June 11, 2009
Private School Pupils Earn 30 Percent More In Later Life
Students who attended independent schools go on to obtain an average of 30% higher earnings than state school students, according to a study published today in Significance, the magazine of the Royal Statistical Society. When compared against like for like family background, the gap is reduced to an increase of 20% in earnings. Most of this gap came from the achievement of higher qualifications.
For several decades 7-8% of children in Britain have been educated in private/independent schools. Yet, small though this proportion is, privately educated people have gone on, in adulthood, to occupy a much larger share of the prominent positions in public and private life. This throws up several questions. Is this because of the background and connections of students whose families can afford this education? Do private schools give more added-value, such as self-esteem and a wider view of the world through more extra-curricular activities? Is it the networking abilities and contacts which lead to increased earnings?
The study looked at data from 10,000 British residents and compared them on earnings, schooling, qualifications, family background, age, and region lived in. Whilst family background did have an impact on earnings, the main difference was in relation to the qualifications gained, implying that if the average person attending private school were to fail their exams, there would be no other benefits to fall back on.
"We began this research to try to understand whether private school education was sustaining, or merely reflecting, low levels of social mobility in society," said lead author Francis Green, Professor of Economics at the University of Kent. "Our findings suggest that rather than family background being the predominant factor, a private school education seems to offer something else to the equation. Parents with enough money, but wondering whether it is a good investment to choose private schooling, might be reassured by these findings."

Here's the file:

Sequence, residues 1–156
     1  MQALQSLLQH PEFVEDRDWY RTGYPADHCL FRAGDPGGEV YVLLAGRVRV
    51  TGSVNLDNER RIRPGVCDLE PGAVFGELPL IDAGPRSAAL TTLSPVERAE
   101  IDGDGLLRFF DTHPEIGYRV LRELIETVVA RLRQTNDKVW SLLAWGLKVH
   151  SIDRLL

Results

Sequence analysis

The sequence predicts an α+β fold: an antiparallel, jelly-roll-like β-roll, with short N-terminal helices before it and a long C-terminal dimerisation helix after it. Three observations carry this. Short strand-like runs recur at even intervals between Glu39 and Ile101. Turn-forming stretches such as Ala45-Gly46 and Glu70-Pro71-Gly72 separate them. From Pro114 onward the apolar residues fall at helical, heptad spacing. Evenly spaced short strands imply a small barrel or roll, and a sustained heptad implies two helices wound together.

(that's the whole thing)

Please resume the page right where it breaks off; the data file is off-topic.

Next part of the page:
The study also compared the effect on earnings of attending a private school prior to 1960, and after. The results showed that the estimated impact had increased over time. "Given this finding, it seems that today's pupils might expect to see even greater benefits," added Green.
"This difference in earnings was especially pronounced when we looked at the top end of the salary scale," said co-author Richard Murphy, from the London School of Economics. "Even after adjustments for qualifications gained and family background, those in the top 10% of earners who had attended independent schools earned on average 20% more than state school pupils in the same salary band. Whether these benefits come through 'old boy networks', or through unmeasured broad competences that are obtained through private schooling, we cannot say."
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